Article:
Vít Dostál: I don’t think that it is a major topic in the Czech Republic. There has been some debate on the new agreement on migration, that was reached on the European level or among the member states, a couple of months ago. This agreement and the Czech positive stance towards this was partially criticized by the political opposition, by both parties. The populist center, party ANO and the far right Freedom and Direct Democracy.
So both parties harshly criticized the government for their consent to this new migration agreement. But I would say that it somehow disappeared from the media and the public discourse. That doesn’t mean that it can’t pop up in the future because the general public opinion is that we should not allow migrants from the Middle East and Africa to Europe and the Czech Republic. So that’s the general opinion of the public. But I don’t think that it is a top five or top three topic in the Czech Republic right now.
Michał Banasiak: We are a few months into the Czech presidency in the V4. What are the priorities of this presidency and what are the plans for the rest of this term? Of course, much bigger part of this presidency is still ahead of us.
Vít Dostál: The Czech V4 presidency is focused on the civic dimension of the Visegrad Group, which is quite understandable as the four countries can hardly agree on the crucial geopolitical issue of today, which is the Russian war against Ukraine. We’ve got right now one country that thinks in the other way than the rest of the group. Besides, after the Slovak election, no one knows what’s going to happen. So that was, I think it was a smart move that the Czech presidency decided to focus on lower level of the cooperation, which is the cooperation among the societies, and good communication among the various ministries. I don’t think that the Visegrad group right now is a very strong political vehicle in the EU, not at all in NATO, it has never been, or generally on the international stage. I think just yesterday, there was a V4 meeting of the foreign ministers during the United Nations General Assembly, which means that the ministers actually meet on the stage of another big event they participate in anyway. Instead of organizing a big meeting in Prague with all the flags and ceremonies and we’ve had showing that it is a very significant event on the diplomatic calendar. I think that the Czech Republic is going to keep this low level of the presidency. And again, it is understandable, we are going to have elections in Poland and Slovakia. So the new governments will be formed, their foreign policy priorities will be announced and then it will be communicated to other V4 partners how to incorporate it into V4 discussions.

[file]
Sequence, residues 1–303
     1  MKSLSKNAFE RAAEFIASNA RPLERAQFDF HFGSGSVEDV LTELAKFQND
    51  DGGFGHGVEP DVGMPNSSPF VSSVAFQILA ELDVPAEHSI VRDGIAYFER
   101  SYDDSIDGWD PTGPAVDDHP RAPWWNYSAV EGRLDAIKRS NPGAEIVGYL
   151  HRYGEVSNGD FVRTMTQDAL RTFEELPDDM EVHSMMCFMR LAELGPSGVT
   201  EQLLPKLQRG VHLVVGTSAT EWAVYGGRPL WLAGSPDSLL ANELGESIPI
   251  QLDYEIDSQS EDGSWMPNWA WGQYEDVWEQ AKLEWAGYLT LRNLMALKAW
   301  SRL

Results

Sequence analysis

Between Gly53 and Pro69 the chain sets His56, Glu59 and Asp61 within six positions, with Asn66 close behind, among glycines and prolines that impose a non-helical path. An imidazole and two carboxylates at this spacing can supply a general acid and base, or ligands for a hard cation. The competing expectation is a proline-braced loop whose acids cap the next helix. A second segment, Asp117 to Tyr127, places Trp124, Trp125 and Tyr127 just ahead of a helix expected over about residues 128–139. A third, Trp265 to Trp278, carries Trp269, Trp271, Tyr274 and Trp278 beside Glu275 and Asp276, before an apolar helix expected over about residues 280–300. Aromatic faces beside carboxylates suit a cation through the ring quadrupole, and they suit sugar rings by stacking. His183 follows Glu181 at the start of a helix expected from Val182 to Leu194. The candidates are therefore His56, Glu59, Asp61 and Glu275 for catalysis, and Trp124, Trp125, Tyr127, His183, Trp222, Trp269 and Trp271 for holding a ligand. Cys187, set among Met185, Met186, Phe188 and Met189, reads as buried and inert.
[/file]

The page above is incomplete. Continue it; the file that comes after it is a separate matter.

So I think that’s the plan for the next few months. Ukraine, of course, is a part of the program as well. It’s based, the priorities are actually smartly based on what has been already agreed on the Council of Europe level. That means that any country of the V4 can hardly oppose these policy goals of the Visegrad, the common policy goals of the V4. That’s another good move, but it also shows that the V4 is not kind of an avant-garde vis-à-vis Ukraine.